attributively


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at·trib·u·tive

 (ə-trĭb′yə-tĭv)
n.
A word or word group, such as an adjective, that is placed adjacent to the noun it modifies without a linking verb; for example, pale in the pale girl.
adj.
1. Grammar Of, relating to, or being an attributive, as an adjective.
2. Of or having the nature of an attribution or attribute.

at·trib′u·tive·ly adv.
ThesaurusAntonymsRelated WordsSynonymsLegend:
Adv.1.attributively - in an attributive manner; "the genitive noun is used attributively"
grammar - the branch of linguistics that deals with syntax and morphology (and sometimes also deals with semantics)
Translations

attributively

[əˈtrɪbjʊtɪvlɪ] ADVcomo atributo

attributively

advattributiv
References in periodicals archive ?
In both cases, the pronouns can be used either independently (mika what, which) or attributively, as in mika pere what family, whichever family .
Good for (non-welfare subjects): What is good for an X is that which is a (productive or constituent) means to its becoming, or remaining, an attributively good X.
This article investigates how English-speaking children interpret imperfective and perfective participles used attributively in a prenominal position, as in 'burning/burned candle'.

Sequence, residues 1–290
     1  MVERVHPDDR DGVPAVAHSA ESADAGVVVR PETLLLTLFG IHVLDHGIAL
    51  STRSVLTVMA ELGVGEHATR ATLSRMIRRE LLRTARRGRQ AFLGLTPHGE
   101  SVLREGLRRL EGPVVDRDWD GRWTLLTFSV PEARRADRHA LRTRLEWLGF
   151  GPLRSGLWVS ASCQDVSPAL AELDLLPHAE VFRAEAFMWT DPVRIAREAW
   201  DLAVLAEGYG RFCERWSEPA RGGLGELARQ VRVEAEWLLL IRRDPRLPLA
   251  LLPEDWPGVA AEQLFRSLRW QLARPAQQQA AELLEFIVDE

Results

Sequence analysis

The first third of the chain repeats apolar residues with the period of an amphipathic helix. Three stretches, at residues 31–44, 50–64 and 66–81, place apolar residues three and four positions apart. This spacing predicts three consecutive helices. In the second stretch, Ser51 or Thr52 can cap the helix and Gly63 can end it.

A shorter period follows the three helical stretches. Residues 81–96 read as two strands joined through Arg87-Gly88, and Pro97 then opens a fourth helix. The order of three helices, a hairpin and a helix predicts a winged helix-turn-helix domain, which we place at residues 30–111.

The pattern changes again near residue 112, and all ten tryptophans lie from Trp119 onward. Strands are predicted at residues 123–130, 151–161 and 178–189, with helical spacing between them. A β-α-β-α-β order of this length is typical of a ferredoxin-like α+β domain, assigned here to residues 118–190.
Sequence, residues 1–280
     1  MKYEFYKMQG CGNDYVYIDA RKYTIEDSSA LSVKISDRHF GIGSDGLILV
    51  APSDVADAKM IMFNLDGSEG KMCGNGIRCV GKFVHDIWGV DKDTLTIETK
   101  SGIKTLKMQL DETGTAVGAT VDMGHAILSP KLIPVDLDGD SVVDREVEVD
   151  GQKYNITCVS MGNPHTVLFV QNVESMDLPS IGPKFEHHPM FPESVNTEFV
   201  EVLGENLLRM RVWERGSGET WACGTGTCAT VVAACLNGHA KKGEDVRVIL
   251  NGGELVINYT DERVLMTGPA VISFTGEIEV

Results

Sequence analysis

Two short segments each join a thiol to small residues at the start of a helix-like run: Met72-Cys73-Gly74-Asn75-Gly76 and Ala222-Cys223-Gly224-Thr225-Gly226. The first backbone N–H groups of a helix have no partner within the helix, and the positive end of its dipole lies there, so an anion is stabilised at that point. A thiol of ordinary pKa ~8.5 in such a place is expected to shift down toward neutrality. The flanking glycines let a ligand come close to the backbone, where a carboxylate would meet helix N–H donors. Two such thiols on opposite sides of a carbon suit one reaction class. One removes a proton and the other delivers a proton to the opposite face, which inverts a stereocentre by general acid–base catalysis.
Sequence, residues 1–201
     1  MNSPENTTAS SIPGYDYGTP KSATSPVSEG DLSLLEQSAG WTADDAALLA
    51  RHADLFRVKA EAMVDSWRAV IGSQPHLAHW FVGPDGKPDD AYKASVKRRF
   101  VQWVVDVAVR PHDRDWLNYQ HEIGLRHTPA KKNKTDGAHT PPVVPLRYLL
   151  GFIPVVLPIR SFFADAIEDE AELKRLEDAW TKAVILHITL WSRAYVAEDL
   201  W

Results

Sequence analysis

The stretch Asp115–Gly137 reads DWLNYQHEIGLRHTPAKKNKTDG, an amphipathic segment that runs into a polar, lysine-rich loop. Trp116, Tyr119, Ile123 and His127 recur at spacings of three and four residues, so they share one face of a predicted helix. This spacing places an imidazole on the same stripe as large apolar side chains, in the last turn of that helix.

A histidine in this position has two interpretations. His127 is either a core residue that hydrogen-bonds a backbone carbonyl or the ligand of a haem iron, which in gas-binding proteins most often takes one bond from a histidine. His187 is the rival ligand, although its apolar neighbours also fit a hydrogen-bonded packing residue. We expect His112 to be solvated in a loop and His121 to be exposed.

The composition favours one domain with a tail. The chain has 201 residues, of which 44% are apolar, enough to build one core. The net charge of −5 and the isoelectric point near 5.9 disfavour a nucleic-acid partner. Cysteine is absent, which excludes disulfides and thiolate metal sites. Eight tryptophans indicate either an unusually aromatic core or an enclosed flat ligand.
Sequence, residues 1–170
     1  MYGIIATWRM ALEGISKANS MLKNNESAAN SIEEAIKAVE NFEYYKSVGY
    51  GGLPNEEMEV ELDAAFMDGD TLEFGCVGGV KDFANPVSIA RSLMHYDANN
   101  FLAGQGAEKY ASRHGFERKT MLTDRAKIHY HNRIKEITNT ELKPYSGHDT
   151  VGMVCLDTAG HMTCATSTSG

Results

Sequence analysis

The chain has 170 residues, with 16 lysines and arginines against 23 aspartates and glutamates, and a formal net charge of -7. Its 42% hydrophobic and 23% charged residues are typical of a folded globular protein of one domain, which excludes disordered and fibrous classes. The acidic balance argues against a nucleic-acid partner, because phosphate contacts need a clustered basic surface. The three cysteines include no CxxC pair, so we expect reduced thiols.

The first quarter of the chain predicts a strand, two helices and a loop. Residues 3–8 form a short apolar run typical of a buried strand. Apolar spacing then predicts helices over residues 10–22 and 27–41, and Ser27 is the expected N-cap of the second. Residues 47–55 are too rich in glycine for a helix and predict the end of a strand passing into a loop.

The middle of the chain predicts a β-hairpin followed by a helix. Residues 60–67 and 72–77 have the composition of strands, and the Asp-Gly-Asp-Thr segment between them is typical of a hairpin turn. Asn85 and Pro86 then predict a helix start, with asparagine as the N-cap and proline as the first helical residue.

More specifically, I want to suggest that "The Wide Net" consciously interrogates and transforms a persistent and central paradigm in modernist constructions of masculinity, one which premises manhood on a horrified flight from female sexuality, and especially from the abiection attributively embodied--for Eliot's questing Perceval, as for Quentin Compson and Joe Christmas and Nick Adams--in manifestations of women's reproductive functions including menstruation, pregnancy, childbirth, and abortion.
However, Firth (1957) is the most quoted scholar to claim that one knows a word by the company it keeps, implying that if a student knows the other words with which a lexical item can be used, he or she knows that word (and those with which it collocates); and that on the contrary, a student may not be thought of as knowing the language and using it properly if he or she knows the meaning of all entries in a dictionary but has problems in using such seemingly synonymous words as happy and glad in the sense that the first is used both attributively and predicatively, but the second only predicatively, so that whereas the former collocates with a following noun, the latter cannot although both can collocate with a preceding linking verb (Eastwood, 1999).
As an agreement suffix attached to an adjective, -im only occurs predicatively, whereas attributively -i'is used with singular and plural reference alike.
which produces ten thousand things; attributively, they are the forms
The MED data shows that only 26% (40 tokens) of all doubly marked adjectives are used attributively.
The particle ha- is the most basic form of demonstratives for near deixis in many dialects, although it is, by itself, only used attributively, for both the ms and fs, and precedes the noun it modifies, as in ha-qalbek (Tunisian) 'this heart of yours.